Will Gov. Gavin Newsom listen?
Some of California’s biggest political donors are urging Gov. Gavin Newsom to choose a woman of color to fill the seat of Vice President-elect Kamala Harris.
Given how rare it has been for a Senate seat in the country’s largest state to become vacant, California leaders have been hard at work trying to lobby Newsom ever since Harris was chosen for the Democratic ticket this summer. And now the lobbying is becoming more public.
On Monday, about 150 of the state’s biggest women donors will ratchet up the pressure with a public letter to Newsom saying that he should not replace Harris with a white woman, never mind a man.
“We urge you to continue this Californian tradition by appointing a woman of color to Vice President-elect Harris’s US Senate seat,” the donors write in the letter, which will appear as a full-page ad in the state’s two largest newspapers, the Los Angeles Times and the San Francisco Chronicle, and was shared early with Recode. “Women of color are the core drivers of electoral progress in our country, and their voices should be heard in the nation’s highest governing body. California is fortunate to have a strong pipeline of women of color in elected office who are prepared to serve; as Californians and political supporters, we look forward to you selecting one of them.”
Signatories of the letter — which is officially authored by two donor groups, Electing Women Bay Area and the Los Angeles Women’s Collective — include Silicon Valley psychiatrist Karla Jurvetson, one of the country’s biggest Democratic donors; Gretchen Sisson, a sociologist and on-the-rise Democratic fundraiser; Susan Pritzker, a scion of the famous hotel family that has bankrolled Newsom’s ambitions for years; and Dagmar Dolby, the billionaire philanthropist.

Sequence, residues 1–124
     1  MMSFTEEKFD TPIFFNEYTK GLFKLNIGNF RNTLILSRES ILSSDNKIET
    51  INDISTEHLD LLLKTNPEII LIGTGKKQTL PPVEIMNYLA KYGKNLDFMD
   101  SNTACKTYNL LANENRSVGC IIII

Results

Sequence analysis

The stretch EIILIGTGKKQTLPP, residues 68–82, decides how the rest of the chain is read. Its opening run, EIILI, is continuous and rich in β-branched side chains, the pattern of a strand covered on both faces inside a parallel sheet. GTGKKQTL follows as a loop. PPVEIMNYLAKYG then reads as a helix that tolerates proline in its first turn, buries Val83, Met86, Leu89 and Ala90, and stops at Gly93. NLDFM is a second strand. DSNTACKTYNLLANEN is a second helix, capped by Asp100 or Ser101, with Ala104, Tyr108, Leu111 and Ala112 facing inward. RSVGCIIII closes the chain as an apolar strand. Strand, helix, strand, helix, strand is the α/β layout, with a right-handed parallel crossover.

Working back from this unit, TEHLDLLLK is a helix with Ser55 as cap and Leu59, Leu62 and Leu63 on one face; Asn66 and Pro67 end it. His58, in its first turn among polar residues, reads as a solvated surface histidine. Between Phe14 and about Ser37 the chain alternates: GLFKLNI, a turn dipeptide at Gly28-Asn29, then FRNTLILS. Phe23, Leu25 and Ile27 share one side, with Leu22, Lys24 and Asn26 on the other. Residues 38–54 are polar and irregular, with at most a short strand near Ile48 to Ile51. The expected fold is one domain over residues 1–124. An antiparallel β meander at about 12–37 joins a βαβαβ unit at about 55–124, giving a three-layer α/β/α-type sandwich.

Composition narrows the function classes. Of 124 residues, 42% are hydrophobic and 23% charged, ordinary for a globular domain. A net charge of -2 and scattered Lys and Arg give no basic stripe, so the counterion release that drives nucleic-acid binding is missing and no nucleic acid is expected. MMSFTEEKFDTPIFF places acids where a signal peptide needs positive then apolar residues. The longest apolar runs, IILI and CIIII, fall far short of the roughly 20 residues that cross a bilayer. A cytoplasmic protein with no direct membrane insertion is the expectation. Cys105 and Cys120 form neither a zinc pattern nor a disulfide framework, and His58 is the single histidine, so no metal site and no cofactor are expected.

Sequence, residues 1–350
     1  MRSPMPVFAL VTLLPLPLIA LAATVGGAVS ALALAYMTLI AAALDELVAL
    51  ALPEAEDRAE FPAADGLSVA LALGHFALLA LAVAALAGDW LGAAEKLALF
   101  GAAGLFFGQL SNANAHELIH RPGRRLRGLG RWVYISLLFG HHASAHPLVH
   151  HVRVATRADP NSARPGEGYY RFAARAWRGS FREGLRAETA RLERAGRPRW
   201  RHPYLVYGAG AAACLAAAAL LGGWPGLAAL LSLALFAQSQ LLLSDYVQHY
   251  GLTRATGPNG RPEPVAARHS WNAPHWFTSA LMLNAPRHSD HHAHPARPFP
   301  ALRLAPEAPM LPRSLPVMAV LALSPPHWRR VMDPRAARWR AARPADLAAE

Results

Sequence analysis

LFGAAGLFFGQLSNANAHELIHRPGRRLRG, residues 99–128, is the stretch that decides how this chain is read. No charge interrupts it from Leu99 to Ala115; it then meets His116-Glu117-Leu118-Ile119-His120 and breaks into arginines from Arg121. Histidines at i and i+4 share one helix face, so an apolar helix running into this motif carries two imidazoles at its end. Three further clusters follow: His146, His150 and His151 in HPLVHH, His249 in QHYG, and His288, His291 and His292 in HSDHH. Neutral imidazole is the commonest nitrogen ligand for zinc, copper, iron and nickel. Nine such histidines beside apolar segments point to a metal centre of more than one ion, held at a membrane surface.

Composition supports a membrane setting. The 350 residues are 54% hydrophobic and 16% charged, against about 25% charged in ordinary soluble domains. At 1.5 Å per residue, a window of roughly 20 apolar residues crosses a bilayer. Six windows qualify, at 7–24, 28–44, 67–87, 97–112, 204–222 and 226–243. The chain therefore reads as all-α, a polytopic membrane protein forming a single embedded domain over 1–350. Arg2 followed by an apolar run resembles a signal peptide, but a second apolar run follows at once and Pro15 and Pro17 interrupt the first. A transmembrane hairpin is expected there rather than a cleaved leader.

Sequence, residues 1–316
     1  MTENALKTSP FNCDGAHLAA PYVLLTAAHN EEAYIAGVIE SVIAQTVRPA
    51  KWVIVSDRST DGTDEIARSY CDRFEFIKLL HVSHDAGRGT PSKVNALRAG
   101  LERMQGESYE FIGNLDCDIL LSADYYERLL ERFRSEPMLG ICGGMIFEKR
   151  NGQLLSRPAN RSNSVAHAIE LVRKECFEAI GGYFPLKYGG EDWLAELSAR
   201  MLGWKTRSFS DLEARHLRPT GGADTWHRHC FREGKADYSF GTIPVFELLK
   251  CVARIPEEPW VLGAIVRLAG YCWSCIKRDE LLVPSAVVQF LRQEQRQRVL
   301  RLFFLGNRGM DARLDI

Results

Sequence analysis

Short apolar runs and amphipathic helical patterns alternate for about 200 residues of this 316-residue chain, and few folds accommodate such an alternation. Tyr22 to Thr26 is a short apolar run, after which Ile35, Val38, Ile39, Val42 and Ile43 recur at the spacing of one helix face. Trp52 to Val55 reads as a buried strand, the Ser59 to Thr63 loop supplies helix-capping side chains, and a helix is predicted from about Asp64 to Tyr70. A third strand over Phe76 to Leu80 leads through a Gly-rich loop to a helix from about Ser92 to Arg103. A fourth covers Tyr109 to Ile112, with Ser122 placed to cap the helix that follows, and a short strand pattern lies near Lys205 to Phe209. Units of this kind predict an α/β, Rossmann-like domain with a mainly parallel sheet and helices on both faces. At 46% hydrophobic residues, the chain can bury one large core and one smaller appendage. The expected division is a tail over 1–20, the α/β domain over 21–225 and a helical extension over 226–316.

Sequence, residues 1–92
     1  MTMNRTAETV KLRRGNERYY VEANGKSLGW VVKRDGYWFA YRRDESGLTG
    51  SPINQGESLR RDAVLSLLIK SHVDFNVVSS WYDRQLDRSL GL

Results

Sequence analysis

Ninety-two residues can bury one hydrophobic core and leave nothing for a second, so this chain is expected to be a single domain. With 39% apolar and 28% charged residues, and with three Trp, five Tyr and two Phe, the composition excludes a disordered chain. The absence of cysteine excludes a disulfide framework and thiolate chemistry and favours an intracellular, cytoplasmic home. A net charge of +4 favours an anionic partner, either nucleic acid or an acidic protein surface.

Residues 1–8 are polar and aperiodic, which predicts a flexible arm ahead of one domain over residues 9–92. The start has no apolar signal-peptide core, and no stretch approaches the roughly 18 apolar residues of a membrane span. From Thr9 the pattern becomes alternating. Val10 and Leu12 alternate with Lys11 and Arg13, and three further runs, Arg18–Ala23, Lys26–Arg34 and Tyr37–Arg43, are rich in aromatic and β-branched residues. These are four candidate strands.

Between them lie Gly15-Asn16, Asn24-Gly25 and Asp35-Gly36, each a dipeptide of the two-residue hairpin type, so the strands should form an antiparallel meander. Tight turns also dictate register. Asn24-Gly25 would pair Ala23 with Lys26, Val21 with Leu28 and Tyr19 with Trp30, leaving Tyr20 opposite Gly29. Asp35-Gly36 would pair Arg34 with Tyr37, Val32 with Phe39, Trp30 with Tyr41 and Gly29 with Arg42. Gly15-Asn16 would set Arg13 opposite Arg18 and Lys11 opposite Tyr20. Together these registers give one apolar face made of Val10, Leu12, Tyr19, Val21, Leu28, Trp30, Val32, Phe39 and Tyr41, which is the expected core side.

The decision before Newsom could be one of the politically diciest of his governorship. Newsom is also under pressure from Latino groups to name California’s first Hispanic senator, and Alex Padilla, California’s secretary of state, who is Hispanic, is considered a top contender, in part because he is personally close with Newsom. Another possible Latino choice is California Attorney General Xavier Becerra.
There are several women of color who are believed to be competitors with Padilla, including Karen Bass, a Los Angeles Congress member who is Black and was a finalist to be Joe Biden’s vice-presidential selection; and Barbara Lee, a Black Congress member from Oakland known for her anti-war stance.
Senate seats in California don’t come up that often. Harris’s counterpart in the Senate, Dianne Feinstein, has held her seat for almost 30 years. Harris’s predecessor, Barbara Boxer, sat in hers for 25. So Newsom is likely staring down a decision that will well outlast him.
Last month, Newsom lamented about “the stress of having to choose between a lot of friends, to choose between quality candidates — and the fact that whoever you pick, there are going to be a lot of people who are going to be upset.”